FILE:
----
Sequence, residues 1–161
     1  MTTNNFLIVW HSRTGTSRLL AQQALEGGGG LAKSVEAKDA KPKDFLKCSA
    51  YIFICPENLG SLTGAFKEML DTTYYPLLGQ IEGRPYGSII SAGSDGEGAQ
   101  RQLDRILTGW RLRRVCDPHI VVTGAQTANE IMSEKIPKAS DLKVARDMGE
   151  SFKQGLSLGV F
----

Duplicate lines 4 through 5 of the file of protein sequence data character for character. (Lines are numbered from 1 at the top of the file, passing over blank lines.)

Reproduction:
   101  RQLDRILTGW RLRRVCDPHI VVTGAQTANE IMSEKIPKAS DLKVARDMGE
   151  SFKQGLSLGV F